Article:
While reading about Enoch this past week, I noticed something. The Lord tells Enoch in Moses 6:35, “…Anoint thine eyes with clay, and wash them, and thou shalt see. And he did so.”
In essence, the Lord said, put earth, or the world, in your eyes, and then wash away the world to let your spiritual eyes see. Become a seer.
I went to reference Mosiah 8:13-17 where Ammon the explorer tells King Limhi that King Benjamin is a seer and has a Urim and Thummim to translate the ancient records they had found.
I decided to look up seer in the Topical Guide and Bible Dictionary to see what other entries were there. After opening Study Helps in Scripture Notes, I started to type “seer” and after only typing “see,” as it filtered the words I happened to notice the word “seem.”
I immediately noticed that “see” was the root of “seem.” My mind started going on this idea that seem is just a mental seeing. We imagine up something that “seems” to be.
I clicked into the Topical Guide entry for seem and the first verse was to Genesis 29:20. I opened it and clicked the link to open the verse in the Blue Letter Bible site to read the Hebrew meaning.
The Hebrew word for “seemed” is “ayin.”
It is most often translated eye (495x), then sight (216x), then seem (19x). Other words it is translated as are color, fountain, well, face, pleased, presence, displeased, before, conceit, and think.
Strong’s primary definition is a literal or figurative eye, by analogy, a fountain (as the eye of the landscape).
It reminds me of Lehi’s visionary experience where he used the word, “methought” which seems a lot like seems.
The word for seer in Hebrew is “ra-a.”
It is most commonly translated as “see” (879x), look (104x), behold, shew, appear, consider, seer, spy, etc… It literally or figuratively means to see. A seer is a see-r, like a hearer, is a hear-er.
The first use of this word in the Bible is in Genesis 1:4 which starts, “And God saw the light, that it was good…” In Genesis 1:9 is it used again when God commands “…let the dry land appear” or be made visible to the eye.
As I’m typing this I also see the word “seed” and “seek” in the list of words in the topical guide.
The Hebrew word for seed is “zera.”
It’s almost exclusively translated as seed, but implies seed in fruit, the ground, or seed in procreation.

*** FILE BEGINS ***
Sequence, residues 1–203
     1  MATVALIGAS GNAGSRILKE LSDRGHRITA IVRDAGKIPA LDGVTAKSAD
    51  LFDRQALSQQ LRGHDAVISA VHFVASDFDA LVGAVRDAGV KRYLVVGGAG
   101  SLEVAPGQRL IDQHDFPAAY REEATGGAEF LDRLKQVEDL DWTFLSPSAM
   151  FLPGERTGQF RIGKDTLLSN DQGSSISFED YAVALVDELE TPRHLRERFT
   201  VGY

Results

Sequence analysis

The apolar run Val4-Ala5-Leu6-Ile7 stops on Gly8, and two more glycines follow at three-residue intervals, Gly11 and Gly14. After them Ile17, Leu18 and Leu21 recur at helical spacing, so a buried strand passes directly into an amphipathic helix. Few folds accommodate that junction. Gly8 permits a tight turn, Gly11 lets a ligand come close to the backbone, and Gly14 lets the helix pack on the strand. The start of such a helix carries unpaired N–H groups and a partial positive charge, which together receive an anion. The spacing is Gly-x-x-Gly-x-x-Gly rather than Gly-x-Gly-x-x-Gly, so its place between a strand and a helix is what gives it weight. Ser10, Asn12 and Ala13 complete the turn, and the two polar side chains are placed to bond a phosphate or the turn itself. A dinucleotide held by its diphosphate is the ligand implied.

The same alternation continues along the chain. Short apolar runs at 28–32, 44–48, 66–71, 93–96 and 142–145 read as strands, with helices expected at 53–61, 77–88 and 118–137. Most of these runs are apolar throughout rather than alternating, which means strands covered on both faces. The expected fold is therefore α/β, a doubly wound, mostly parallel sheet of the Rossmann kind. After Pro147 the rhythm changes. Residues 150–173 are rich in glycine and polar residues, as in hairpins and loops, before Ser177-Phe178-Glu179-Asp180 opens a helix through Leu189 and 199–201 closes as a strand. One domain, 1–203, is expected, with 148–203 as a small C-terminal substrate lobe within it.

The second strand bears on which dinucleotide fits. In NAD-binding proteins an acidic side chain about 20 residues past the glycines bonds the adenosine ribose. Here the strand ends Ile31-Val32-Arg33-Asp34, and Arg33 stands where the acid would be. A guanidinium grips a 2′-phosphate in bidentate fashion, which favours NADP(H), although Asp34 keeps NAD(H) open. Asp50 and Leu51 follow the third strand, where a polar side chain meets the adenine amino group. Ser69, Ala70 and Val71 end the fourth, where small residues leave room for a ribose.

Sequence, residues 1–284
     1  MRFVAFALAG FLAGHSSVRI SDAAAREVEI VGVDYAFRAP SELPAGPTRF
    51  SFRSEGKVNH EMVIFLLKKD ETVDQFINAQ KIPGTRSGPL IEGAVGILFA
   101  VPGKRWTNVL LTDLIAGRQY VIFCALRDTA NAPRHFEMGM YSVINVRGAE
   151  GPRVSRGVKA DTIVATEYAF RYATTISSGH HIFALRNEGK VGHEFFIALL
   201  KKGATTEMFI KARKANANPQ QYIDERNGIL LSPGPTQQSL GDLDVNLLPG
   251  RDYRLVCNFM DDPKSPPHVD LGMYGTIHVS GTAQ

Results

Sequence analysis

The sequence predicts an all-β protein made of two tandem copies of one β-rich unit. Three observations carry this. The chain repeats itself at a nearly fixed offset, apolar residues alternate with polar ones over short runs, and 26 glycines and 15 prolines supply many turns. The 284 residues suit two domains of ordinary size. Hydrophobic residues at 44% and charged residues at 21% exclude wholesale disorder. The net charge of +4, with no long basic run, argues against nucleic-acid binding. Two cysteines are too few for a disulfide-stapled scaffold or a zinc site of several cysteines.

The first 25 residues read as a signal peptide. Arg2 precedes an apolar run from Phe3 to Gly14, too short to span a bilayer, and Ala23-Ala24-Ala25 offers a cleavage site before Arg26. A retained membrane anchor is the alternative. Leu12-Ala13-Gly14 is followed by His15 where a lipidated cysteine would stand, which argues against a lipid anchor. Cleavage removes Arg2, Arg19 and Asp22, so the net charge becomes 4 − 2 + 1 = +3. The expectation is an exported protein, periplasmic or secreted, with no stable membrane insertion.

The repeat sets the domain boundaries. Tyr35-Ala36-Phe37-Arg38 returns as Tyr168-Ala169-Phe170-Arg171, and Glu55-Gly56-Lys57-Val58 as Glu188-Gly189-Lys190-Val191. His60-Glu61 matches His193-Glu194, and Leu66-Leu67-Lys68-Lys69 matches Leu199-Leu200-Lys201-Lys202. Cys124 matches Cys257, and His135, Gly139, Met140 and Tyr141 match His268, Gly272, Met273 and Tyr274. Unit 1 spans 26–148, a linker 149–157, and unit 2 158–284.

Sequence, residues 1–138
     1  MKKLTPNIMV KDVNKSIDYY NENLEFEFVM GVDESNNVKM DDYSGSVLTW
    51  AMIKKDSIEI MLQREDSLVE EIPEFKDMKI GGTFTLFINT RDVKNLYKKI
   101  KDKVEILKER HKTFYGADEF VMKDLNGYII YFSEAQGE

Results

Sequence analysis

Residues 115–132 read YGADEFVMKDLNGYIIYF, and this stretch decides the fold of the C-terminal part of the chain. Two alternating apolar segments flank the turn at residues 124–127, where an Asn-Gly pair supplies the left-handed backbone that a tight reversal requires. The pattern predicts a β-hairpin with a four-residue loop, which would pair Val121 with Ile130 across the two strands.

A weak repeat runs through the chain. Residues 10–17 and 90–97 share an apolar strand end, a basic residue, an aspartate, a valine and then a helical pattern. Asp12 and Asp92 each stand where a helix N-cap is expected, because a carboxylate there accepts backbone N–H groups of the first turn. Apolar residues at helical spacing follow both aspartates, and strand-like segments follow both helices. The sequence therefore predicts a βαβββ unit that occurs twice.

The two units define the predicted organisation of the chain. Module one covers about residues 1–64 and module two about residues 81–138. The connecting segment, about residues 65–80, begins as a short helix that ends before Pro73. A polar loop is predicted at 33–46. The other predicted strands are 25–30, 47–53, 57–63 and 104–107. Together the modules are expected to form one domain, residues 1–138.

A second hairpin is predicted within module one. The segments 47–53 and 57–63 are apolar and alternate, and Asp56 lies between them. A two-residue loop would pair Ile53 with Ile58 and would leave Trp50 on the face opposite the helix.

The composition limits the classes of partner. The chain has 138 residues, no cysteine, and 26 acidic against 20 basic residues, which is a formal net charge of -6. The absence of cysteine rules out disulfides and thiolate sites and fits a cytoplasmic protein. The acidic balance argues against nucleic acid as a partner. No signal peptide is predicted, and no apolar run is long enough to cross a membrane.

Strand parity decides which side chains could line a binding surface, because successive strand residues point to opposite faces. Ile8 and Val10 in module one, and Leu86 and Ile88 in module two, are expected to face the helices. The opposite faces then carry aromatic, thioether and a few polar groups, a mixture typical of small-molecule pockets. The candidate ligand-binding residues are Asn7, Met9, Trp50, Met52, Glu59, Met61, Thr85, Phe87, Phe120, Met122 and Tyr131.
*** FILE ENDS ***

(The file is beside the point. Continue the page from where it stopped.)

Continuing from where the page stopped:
What is a seed? An idea, something that contains a pattern within itself, posterity… Do we see-d our mind with good ideas? Alma told us to experiment on the word and likened it to a seed (Alma 32) and to let that faith grow into a tree. He asked us if we could “look forward with an eye of faith” and “view” (see) our own resurrection (Alma 5:15)? He asked if we could “imagine” (mental seeing) hearing the voice of the Lord (Alma 5:16) speaking to us. “Can we look up” and “can ye think” in Alma 5:18-20.
From the Lectures on Faith, 7th lecture, 3rd paragraph, we read:
If a mustard seed can exercise faith and understand and hold the pattern of what it may become from the divinely implanted DNA in those tiny cells, how much more can we do with the creativity God has endowed us with? It’s truly a matter of choosing to exercise faith and take the time to mentally exert ourselves through focused effort and create something in our mind’s eye. Seeing that see-d of an idea, seeing the accomplishment of the desired goal before it happens (Ether 12:19), feeling the joy of its completion in our soul, and then asking for the Lord’s help in bringing it about, is powerful and rare faith.
Should we not see-k for these experiences?
What do you desire? Gifts of the Spirit? To bring souls to Christ? To learn a language? To see visions? To be redeemed from the fall?
Do we take the time in our mind to imagine and see the gifts of the Spirit operating in our lives and ask God to bring them about? Perhaps it’s time we devoted ourselves to the experiment upon the word that promises these blessings. President Nelson said the Lord loves effort, and exertion is definitely a word that implies effort.